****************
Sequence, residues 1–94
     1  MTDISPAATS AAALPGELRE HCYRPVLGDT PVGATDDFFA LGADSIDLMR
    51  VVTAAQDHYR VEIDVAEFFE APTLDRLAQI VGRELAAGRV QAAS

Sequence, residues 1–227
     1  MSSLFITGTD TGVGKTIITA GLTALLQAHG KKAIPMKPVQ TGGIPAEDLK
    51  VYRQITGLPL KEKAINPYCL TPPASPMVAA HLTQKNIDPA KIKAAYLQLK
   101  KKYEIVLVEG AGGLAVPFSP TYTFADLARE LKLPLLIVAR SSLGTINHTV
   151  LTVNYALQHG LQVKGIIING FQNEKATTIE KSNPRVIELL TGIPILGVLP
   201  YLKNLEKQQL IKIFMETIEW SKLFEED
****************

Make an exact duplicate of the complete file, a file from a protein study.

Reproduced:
Sequence, residues 1–94
     1  MTDISPAATS AAALPGELRE HCYRPVLGDT PVGATDDFFA LGADSIDLMR
    51  VVTAAQDHYR VEIDVAEFFE APTLDRLAQI VGRELAAGRV QAAS

Sequence, residues 1–227
     1  MSSLFITGTD TGVGKTIITA GLTALLQAHG KKAIPMKPVQ TGGIPAEDLK
    51  VYRQITGLPL KEKAINPYCL TPPASPMVAA HLTQKNIDPA KIKAAYLQLK
   101  KKYEIVLVEG AGGLAVPFSP TYTFADLARE LKLPLLIVAR SSLGTINHTV
   151  LTVNYALQHG LQVKGIIING FQNEKATTIE KSNPRVIELL TGIPILGVLP
   201  YLKNLEKQQL IKIFMETIEW SKLFEED